AMARILLO, Texas (KAMR/KCIT) — After a December 2022 recommendation to remand a streaming service-related lawsuit from Dallas Federal Court back to state court, a United States District Judge in the Dallas area has officially ordered that recommendation be finalized.

According to previous reports by, this lawsuit included a number of cities in the state of Texas as plaintiffs, including the city of Amarillo. The cities alleged that three entertainment streaming services, Disney DTC, LLC, Hulu, LLC and Netflix, INC, who are the defendants in this case, did not pay municipal franchise fees to 25 Texas cities under the state’s Public Utility Regulatory Act, or PURA.

The Texas cities involved in this lawsuit include:

  • City of Dallas;
  • City of Abilene;
  • City of Allen;
  • City of Amarillo;
  • City of Arlington;
  • City of Austin;
  • City of Beaumont;
  • City of Carrollton;
  • City of Denton;
  • City of Fort Worth;
  • City of Frisco;
  • City of Garland;
  • City of Grand Prairie;
  • City of Houston;
  • City of Irving;
  • City of Lewisville;
  • City of McKinney;
  • City of Mesquite;
  • City of Nacogdoches;
  • City of Pearland;
  • City of Plano;
  • City of Rowlett;
  • City of Sugar Land;
  • City of Tyler;
  • City of Waco.

The lawsuit was originally filed in Dallas County court in August 2022 and was eventually moved to federal court in late September 2022. According to previous reports, the streaming service defendants cited similar cases that have been filed by municipalities throughout the United States, stating that the similar cases resulted in the streaming services’ favor.

Since that move, both sides of the lawsuit argued regarding where this lawsuit should land. The defendants maintained that the case should remain in federal court, stating in late October 2022 that the requirements to move the case to federal court were easily met. The representatives from the cities argued that because this case surrounds collecting state revenue, it should remain in state court.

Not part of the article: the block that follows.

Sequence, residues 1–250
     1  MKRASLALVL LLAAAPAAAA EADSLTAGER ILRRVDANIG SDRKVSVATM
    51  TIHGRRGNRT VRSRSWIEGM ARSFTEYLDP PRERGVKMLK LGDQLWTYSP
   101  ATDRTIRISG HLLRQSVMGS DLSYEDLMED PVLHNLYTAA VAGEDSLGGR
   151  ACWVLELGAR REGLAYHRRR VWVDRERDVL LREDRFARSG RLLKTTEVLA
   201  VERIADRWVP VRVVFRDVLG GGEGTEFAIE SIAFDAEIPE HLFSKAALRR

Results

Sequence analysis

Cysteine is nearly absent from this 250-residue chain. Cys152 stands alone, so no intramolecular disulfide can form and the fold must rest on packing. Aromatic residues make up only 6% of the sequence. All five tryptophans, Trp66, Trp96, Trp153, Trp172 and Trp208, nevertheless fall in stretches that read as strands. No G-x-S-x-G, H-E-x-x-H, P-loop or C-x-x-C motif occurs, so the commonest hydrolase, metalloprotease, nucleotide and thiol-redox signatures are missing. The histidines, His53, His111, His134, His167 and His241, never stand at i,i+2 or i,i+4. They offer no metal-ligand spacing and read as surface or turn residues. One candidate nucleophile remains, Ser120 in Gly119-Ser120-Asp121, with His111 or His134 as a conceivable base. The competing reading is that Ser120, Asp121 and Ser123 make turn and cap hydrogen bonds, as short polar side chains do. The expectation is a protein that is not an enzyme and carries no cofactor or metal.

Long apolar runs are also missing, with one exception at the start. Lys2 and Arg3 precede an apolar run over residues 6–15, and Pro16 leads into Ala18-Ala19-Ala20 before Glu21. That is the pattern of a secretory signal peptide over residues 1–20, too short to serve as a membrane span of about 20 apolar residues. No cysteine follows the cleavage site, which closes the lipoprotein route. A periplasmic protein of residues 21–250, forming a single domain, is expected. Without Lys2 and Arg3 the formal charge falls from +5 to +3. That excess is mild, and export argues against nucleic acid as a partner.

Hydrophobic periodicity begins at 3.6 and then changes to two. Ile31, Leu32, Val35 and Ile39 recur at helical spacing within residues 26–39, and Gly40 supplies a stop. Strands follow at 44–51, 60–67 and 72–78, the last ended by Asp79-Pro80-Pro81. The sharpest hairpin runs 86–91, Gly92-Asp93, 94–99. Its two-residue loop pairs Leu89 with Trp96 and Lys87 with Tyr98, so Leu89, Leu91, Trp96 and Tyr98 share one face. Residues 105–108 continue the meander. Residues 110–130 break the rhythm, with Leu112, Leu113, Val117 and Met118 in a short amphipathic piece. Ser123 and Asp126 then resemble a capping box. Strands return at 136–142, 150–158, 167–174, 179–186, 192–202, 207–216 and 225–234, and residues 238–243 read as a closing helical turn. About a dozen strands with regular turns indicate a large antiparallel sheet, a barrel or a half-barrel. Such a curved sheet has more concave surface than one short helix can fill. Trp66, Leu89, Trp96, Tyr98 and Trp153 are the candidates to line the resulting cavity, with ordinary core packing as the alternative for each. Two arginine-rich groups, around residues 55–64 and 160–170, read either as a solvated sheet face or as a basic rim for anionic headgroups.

“Plaintiffs allege that state law requires Defendants to pay these fees, and Defendants will argue it does not. The dispute squarely implicates Texas’s state and local fiscal operations,” the plaintiffs argued in October 2022. “The local nature of this dispute is an inescapable obstacle to removal, and the case should be remanded.”

In December 2022, United States Magistrate Judge David L. Horan recommended that the case be moved from federal court back to state court. In the recommendation, Horan stated that it is difficult for a federal court to interfere in a matter the lawsuit outlines because it deals with the fiscal operations of a state government.

According to documents filed on Jan. 19 in Dallas Federal Court, United States District Judge Sam A. Lindsay stated that there were no objections to the recommendation for the case to be remanded back to the state court from which it was removed.

“Having considered the Motion to Remand, briefs, pleadings, the file, Report and record in this case, the court determines that the magistrate judge’s findings and conclusions are correct, and accepts them as those of the court,” Lindsay said in the documents. “The magistrate judge wrote (an) excellent Report, and the court sees no reason for augmentation. Accordingly, the court grants Plaintiffs’ Motion to Remand… and remands this action to the 14th Judicial District Court, Dallas County, Texas, from which it was removed.”

As of Monday, no further documents have been filed in the 14th Judicial District Court of Dallas County regarding this case.